Corruption in the Rainbow Nation

By James Raubenheimer

The idealism, optimism, and hope that spurred from post-apartheid South Africa brought the country ahead and away from its recent dark past. Such a trend can be seen across many countries and history such as global idealism following World War I and the Cold War. In recent years, forces of corruption have risen in the ranks of the South African government. The corruption that exists is only a symptom of several underlying problems. The main issues identified are lack of education, widespread economic inequality, and a lack of government infrastructure. The Rainbow Nation has focused on integrating those damaged by the apartheid regime and uniting the country after the racial divide.  However, post-apartheid South Africa has yet to fully develop a new era of governance, and this change needs to happen in order to secure a stable and successful future for South Africa.

South Africa is a fledgling democracy currently ruled by the African National Conference. The party has won all of the post-1994(post-apartheid) elections. The one-party state nature of the South African government and the people’s historical support for the ANC has led to the numerous elections where the ANC nominated candidate cruises to a victory. South Africa’s current president, Jacob Zuma, is infamous for laughing off all questions as seen in the above comic. As President Zuma states “my laughing’s not hurtful, it’s healthy” even when this laughter is in response to serious issues ranging from South Africa’s drought to unemployment to mob murders.  Most notoriously though President Zuma has received 783 payments worth more than 4 million rand from his financial advisor and his associate companies. Zuma’s financial advisor has also been convicted of two corruption charges relating to the cover-up of an investigation into a previous arms deal. Surprisingly, corruption charges have yet to be brought up against Zuma amidst years of an alternating between corruption and cover-up.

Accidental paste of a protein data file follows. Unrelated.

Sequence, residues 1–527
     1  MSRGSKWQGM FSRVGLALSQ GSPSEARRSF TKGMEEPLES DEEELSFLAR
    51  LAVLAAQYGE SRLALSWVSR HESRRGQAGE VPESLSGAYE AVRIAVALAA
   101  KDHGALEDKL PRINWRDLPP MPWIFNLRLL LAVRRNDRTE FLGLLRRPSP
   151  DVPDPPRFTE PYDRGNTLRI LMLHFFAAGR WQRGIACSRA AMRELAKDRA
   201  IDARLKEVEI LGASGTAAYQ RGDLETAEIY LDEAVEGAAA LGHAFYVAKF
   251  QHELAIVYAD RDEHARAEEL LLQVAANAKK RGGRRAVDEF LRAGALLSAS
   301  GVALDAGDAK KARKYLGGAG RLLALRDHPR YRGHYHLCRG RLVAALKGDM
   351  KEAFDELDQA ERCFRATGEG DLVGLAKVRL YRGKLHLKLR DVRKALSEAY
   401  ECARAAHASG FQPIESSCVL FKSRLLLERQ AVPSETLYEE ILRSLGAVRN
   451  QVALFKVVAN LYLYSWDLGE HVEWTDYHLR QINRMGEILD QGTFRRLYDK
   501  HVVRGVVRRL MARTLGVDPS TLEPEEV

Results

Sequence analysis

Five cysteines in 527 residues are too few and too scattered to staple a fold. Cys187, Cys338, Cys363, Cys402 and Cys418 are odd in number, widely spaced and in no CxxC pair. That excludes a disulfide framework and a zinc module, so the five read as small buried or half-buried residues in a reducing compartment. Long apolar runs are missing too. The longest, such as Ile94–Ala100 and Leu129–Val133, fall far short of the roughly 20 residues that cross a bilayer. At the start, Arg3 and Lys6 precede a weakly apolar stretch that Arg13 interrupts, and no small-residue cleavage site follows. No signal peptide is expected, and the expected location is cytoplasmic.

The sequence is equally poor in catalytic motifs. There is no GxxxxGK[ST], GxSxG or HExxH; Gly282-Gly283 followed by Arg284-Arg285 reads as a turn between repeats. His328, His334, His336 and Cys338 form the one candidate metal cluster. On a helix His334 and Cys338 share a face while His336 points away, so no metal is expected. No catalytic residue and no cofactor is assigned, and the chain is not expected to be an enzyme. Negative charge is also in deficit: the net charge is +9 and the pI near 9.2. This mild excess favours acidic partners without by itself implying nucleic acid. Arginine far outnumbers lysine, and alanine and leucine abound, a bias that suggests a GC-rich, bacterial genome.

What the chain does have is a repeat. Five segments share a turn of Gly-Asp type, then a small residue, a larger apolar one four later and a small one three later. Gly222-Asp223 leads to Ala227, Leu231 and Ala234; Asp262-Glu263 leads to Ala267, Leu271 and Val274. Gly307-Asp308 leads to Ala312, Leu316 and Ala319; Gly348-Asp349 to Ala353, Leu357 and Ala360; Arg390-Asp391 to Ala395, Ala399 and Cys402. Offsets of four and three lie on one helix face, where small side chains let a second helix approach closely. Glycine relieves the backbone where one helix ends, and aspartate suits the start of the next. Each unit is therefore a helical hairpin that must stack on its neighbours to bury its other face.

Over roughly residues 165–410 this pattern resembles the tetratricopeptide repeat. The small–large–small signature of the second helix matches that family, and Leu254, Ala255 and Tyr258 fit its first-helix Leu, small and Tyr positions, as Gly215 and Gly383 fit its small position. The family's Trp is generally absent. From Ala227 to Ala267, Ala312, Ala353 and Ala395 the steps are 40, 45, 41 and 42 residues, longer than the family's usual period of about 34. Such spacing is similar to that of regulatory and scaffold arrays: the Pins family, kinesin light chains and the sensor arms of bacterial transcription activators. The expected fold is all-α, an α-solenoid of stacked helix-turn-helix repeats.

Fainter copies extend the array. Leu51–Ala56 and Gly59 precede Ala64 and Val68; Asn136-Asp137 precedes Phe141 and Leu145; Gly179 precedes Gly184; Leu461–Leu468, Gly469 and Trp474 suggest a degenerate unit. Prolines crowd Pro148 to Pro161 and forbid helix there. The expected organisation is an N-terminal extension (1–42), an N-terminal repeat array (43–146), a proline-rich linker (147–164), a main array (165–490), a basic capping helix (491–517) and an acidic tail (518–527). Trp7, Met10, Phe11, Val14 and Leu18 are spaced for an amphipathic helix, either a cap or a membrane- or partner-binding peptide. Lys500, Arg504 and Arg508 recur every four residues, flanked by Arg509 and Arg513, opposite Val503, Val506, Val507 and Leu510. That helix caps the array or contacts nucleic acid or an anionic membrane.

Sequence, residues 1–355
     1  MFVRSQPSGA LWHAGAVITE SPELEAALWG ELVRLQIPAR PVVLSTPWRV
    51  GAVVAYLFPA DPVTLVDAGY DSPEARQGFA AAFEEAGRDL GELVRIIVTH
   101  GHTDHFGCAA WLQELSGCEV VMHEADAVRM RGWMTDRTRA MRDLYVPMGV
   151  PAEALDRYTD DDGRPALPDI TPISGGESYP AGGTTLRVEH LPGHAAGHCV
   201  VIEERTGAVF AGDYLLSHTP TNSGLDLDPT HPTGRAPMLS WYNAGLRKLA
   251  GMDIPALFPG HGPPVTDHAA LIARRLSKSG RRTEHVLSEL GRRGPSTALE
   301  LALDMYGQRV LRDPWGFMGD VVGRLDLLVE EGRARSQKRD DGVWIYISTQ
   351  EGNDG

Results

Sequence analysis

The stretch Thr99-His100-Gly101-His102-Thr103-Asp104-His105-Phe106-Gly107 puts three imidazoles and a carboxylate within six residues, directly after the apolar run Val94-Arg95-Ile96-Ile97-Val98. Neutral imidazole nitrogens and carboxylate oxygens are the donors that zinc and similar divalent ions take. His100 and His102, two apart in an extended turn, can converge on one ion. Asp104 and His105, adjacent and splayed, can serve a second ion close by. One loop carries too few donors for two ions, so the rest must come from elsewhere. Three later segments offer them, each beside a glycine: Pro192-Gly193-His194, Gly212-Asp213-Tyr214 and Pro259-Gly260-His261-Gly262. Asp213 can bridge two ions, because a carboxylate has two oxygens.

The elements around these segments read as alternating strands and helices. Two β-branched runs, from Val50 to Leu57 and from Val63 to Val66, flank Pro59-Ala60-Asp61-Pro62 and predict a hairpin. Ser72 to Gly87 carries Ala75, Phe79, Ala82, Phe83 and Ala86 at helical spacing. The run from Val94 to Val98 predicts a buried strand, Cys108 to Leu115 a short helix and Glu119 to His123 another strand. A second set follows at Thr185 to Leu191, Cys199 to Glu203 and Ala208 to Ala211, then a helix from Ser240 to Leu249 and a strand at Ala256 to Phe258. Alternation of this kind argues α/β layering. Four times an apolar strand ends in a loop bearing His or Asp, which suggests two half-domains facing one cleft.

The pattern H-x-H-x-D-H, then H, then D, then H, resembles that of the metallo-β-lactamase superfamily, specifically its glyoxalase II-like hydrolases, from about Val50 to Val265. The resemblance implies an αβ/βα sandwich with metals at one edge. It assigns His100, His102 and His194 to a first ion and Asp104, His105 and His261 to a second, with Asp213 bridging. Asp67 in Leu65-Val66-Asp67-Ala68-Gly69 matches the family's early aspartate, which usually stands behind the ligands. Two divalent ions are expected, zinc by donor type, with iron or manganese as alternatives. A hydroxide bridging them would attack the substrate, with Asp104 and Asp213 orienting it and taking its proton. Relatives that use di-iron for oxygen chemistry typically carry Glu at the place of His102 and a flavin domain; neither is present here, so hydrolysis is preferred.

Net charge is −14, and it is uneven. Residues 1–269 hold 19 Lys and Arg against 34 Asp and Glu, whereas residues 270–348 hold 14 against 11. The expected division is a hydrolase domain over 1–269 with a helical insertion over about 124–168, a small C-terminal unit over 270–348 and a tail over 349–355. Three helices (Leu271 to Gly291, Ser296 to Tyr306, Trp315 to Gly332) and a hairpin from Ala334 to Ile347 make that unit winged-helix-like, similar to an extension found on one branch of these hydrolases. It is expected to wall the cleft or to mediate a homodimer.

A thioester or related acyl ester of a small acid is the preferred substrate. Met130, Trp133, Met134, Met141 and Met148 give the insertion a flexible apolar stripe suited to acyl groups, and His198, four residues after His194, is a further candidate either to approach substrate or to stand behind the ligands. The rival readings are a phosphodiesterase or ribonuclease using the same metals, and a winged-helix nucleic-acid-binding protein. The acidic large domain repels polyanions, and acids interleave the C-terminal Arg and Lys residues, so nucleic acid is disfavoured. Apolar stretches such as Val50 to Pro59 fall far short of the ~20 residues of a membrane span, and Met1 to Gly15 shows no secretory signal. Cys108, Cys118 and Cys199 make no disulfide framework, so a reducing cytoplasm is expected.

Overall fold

The most current political scandal in South African revolves around the wealthy and elite Gupta family. SAP, the German software corporation, has leaked emails showing that the company is involved in paying the Gupta family to gain key business positions. Four executives in the company have been fired as it has launched further investigation into the scandal. The chief executive of Bell Pottinger, a British relations firm, stepped down and four workers were fired amidst an investigation into the firm’s connection with the Gupta family.  The Guptas have been accused of using their ties to Jacob Zuma and the South African government to secure contracts for the Gupta’s mining empire. The Gupta’s business is thriving due to special government assistance, and there exists a great tone of secrecy regarding this issue.

The South African government has a history of addressing complex issues with simple solutions, which inevitably results in many unintended consequences. If people are poor, the government prints more money. If people are not getting educated, the government makes education free.  If the employment rate is low, the government makes government jobs. In some countries, such solutions can be implemented very successfully, but South Africa lacks the infrastructure to ensure such solutions are implemented properly. This leads to a lack of successfully implemented solutions and a government, which refuses to hold accountability for failure. A government, which refuses to hold accountability will inevitability abuse its power and stretch the boundaries of what is considered honest and just. A non-transparent government lacks trust and the South African government lacks transparency.

The African Union is tasked with promoting unity, solidarity, and creating a prosperous Africa. In order to fix the widespread corruption prevalent not only in South Africa but existent in many African states, the leaders of African nations need to be held accountable for their actions. The African Union can serve as a body, which governs and supports the mission in order to help African nations prosper. A government in which officials are not held accountable for their actions cannot possibly prosper even with widespread support and a commitment to succeed.

In a speech in 2013 at a memorial for South African soldiers, President Zuma stated: “The problem in South Africa is that everybody wants to run the country. The government must be given the space to do its work of running the country to implement the policies of the ruling party that was voted into office by millions of our people.” This mindset in governance results in an excess of power given to those government officials ruling the country and an increase in power taken away from the citizens of the country. A cloak is placed over the inner workings of a government, which results in secrecy and allows for the abuse of power. In order for South Africa to reach its full potential, the issue of corruption must be addressed first in order to ensure other solutions to prevalent problems can be implemented.

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